Sexual Harassment & Sexual Assault | Media Matters for America

Sexual Harassment & Sexual Assault

Issues ››› Sexual Harassment & Sexual Assault
  • Fox Business host’s interview with Betsy DeVos ignores rule changes for campus sexual assault and failures on student debt forgiveness

    Blog ››› ››› ZACHARY PLEAT

    Secretary of Education Betsy DeVos appeared on Fox Business Network for a softball interview during which the host, Maria Bartiromo, failed to ask a single question about either changes DeVos has initiated to rules about campus sexual assault, which would be harmful to survivors, or her failure to implement student debt forgiveness.

    In mid-November, DeVos proposed new rules for colleges and universities regarding campus sexual assault under the Title IX law, which prohibits sex discrimination in federally funded schools. According to The New York Times, the changes “established a narrower definition of sexual harassment, tightened reporting requirements, relieved colleges of the responsibility to investigate off-campus episodes, and outlined steps schools should take to provide support for accusers.” The new rules would also give those accused of sexual harassment and assault the right to cross-examine their accusers, which could retraumatize survivors of these incidents. According to former Department of Justice Civil Rights Division official Anurima Bhargava, DeVos’ new rules “would make schools less safe by narrowing the definition for what counts as sexual misconduct, creating barriers for students to report these incidents and limiting the responsibility of schools to respond.”

    Additionally, DeVos was sued earlier this month for the second time for failing to cancel debts of students defrauded by for-profit colleges. According to NPR, a federal judge ruled in September that her “delay of a key student borrower protection rule was improper and unlawful.” GQ explained earlier this month that DeVos has undermined the Public Service Loan Forgiveness program, which was “designed to forgive the student debt of people who spend ten years working in public service while making steady payments.” Under DeVos, over 99 percent of applications for debt forgiveness under this program have been rejected.

    Instead of covering these topics, the nearly 10-minute interview focused on attacking public education, criticizing teachers unions, and promoting a Department of Education mobile app for college students to enroll in federal student aid. From the November 27 edition of Fox Business’ Mornings with Maria Bartiromo:

  • Tucker Carlson's descent into white supremacy: A timeline

    ››› ››› MADELINE PELTZ

    Since the early days of his tenure as a Fox prime-time host, Tucker Carlson’s unabashed championing of white grievances earned him the accolades of neo-Nazis, who praised him as a “one man gas chamber” and complimented the way he “lampshad[ed] Jews on national television.” While Carlson claims to have nothing in common with neo-Nazis and white supremacists, he constantly echoes their talking points on his show and was very reluctant to condemn white supremacists following their deadly 2017 demonstration in Charlottesville, VA. In fact, Carlson’s racist roots can be traced back more than a decade.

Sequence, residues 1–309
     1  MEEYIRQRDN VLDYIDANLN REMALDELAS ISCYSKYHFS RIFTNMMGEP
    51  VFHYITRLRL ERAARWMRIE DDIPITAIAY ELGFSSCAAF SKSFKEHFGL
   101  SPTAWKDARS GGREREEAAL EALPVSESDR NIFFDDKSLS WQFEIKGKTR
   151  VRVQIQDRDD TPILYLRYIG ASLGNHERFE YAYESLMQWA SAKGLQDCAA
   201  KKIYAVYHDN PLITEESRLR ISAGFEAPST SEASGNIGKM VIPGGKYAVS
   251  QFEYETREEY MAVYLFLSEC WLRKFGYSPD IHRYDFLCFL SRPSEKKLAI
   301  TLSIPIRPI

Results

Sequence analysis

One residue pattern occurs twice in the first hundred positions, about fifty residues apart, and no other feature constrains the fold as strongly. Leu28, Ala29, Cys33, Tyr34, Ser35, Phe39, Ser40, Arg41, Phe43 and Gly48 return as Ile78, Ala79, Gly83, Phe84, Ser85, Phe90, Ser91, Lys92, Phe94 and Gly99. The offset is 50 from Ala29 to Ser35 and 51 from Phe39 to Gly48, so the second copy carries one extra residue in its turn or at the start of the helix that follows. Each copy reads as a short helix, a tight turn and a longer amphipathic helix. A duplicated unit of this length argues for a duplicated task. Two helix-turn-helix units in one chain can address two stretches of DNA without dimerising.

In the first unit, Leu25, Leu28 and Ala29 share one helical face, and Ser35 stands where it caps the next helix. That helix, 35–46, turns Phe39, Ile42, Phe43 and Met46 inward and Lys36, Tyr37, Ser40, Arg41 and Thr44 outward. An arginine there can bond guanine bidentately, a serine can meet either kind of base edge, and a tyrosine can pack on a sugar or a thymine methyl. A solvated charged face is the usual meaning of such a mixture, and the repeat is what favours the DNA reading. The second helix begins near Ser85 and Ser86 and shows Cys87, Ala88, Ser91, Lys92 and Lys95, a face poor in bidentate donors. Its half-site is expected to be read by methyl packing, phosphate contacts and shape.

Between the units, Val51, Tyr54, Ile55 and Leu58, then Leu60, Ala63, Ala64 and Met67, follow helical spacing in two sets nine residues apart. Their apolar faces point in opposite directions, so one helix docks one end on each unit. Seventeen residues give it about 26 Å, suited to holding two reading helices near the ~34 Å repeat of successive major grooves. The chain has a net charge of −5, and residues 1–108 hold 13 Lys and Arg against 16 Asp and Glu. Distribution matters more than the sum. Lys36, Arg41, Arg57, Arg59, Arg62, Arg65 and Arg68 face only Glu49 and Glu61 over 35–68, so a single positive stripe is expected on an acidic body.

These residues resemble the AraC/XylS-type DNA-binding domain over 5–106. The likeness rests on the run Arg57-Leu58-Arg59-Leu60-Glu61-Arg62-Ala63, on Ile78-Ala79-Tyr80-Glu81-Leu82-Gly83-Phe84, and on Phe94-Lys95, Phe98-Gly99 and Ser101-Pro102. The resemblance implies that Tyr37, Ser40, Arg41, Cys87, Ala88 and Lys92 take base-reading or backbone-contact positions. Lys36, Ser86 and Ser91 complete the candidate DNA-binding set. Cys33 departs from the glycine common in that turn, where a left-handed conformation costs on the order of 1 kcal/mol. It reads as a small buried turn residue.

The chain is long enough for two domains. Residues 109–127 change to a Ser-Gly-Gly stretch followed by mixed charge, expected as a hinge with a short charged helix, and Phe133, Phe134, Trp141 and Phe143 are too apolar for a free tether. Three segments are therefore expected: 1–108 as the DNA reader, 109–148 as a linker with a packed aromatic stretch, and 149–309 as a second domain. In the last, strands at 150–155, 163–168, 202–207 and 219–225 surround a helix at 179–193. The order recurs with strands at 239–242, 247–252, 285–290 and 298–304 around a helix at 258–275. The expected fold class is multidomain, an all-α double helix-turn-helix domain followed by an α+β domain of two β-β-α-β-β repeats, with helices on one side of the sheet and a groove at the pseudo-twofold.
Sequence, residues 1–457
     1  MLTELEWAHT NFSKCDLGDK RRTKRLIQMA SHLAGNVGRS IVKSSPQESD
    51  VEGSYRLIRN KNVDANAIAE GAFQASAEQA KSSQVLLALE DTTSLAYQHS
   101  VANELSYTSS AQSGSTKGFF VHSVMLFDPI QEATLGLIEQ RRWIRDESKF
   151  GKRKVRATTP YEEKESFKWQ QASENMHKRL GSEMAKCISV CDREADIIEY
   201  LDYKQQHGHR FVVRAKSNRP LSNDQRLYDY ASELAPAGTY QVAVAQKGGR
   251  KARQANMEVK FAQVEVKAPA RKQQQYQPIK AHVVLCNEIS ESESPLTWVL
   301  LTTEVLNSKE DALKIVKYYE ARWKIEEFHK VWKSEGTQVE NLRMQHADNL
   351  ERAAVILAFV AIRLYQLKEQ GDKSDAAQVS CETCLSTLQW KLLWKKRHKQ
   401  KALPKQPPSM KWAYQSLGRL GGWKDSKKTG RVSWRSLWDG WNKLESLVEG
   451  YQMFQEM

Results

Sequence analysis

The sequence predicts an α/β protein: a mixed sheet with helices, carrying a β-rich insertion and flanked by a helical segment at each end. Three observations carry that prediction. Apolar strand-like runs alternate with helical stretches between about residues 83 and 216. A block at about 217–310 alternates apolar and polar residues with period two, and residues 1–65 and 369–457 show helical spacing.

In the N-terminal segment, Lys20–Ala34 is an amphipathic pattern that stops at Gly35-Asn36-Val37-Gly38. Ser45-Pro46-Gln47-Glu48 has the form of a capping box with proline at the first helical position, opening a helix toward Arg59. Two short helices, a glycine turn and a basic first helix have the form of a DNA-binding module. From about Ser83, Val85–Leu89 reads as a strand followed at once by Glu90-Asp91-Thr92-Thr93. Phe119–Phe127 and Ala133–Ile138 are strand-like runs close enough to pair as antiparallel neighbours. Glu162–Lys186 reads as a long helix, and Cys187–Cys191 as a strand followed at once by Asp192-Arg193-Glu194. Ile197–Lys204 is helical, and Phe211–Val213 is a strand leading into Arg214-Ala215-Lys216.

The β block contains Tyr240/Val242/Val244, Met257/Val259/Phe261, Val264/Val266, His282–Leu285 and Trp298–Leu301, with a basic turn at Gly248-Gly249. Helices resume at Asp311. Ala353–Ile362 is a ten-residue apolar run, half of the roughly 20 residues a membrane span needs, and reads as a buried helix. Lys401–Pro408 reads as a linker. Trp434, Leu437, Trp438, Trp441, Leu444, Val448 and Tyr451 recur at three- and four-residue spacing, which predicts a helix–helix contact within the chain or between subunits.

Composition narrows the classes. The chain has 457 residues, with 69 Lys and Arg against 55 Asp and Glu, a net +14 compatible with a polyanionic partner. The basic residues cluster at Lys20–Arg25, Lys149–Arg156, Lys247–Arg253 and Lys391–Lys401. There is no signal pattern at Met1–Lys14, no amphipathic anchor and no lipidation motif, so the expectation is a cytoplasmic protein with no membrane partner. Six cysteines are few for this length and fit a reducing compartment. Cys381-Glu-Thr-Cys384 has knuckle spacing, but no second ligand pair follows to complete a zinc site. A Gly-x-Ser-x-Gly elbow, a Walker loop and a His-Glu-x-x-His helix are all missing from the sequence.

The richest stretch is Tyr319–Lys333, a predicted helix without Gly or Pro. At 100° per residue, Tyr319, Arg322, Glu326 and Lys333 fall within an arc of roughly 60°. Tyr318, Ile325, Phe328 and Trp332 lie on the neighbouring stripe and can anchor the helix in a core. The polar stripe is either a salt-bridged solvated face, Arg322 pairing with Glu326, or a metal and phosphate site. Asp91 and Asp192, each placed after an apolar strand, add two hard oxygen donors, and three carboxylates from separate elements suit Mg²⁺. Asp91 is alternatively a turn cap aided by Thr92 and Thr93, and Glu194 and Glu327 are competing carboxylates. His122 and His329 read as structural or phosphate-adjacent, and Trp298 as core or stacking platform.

Here’s a timeline of the public devolution of Tucker Carlson’s thinly veiled racism into full-throated white supremacy:

  • Hugh Hewitt and Sen. Tom Cotton go to the fever swamps in Kavanaugh nomination postmortem

    Blog ››› ››› TIMOTHY JOHNSON

    Melissa Joskow / Media Matters

    Conservative pundit Hugh Hewitt and Sen. Tom Cotton (R-AR) are pushing a conspiracy theory that professor Christine Blasey Ford’s decision to speak out about then-Supreme Court nominee Brett Kavanaugh was actually orchestrated by Democratic leaders in the Senate. The version of events proposed by Hewitt and Cotton is at odds with reports on how Ford decided to come forward, and it serves to undercut Ford’s bravery.

    Cotton was a guest on the October 9 broadcast of Hewitt’s radio show, The Hugh Hewitt Show. Hewitt prompted the conspiracy theory by asking Cotton if he thought “that this was planned long before it was unveiled? And by that, I mean the leak of Dr. Ford’s letter. I don’t know who did it, but I believe it was part of a campaign that was set up to occur exactly when it did. Do you agree with me?”

    Cotton did agree, and he wove an evidence-free conspiracy theory that as early as July, “the Schumer political operation” -- a reference to Senate Minority Leader Chuck Schumer (D-NY) -- and possibly former U.S. Attorney Preet Bharara were involved in a plan to leak the contents of a letter Ford had sent to Sen. Dianne Feinstein (D-CA). In the letter, Ford gave an account of Kavanaugh sexually assaulting her when they were both in high school.
     

    This conspiratorial timeline is at odds with reality. Ford sent a letter dated July 30 to Feinstein and asked that the California senator keep its contents confidential. The Intercept was the first to report on the letter, writing on September 12 that it “describes an incident involving Kavanaugh and a woman while they were in high school” and that Feinstein was refusing to share its contents with other senators, which “created tension on the committee.” According to Politico, “The reporter behind that [Intercept] story later stated that Feinstein’s staff did not leak the letter.”

    Ford came forward publicly in a September 16 Washington Post article. She said later during her testimony before the Senate Judiciary Committee that the presence of reporters at her home and workplace made her realize her identity would be revealed in any case, so she decided to speak on the record with a reporter at the Post who she said had gained her trust.

    Hewitt has a history of being dishonest while discussing federal judicial nominations, but political talk shows still treat him as a mainstream conservative commentator when they bring him on to talk about the topic. While previously his falsehoods served to provide cover for the GOP to radically change norms around the nomination process, he has now sunk to pushing a conspiracy theory.

    Cotton, for his part, has his own history of underhanded behavior on executive branch nominations. In 2014, Cotton placed a hold on President Barack Obama’s nomination of Cassandra Butts to serve as ambassador to the Bahamas. More than two years after her nomination was announced, Butts, who Cotton acknowledged was not a controversial nominee, died of leukemia at age 50, with Cotton’s hold still in place. Before she died, Butts told The New York Times that she had visited Cotton to ask about the hold and he said he knew she was friends with Obama and the hold was a way to inflict personal pain on the president.

  • Fox & Friends fearmongers about left-wing violence while ignoring violence and threats from the right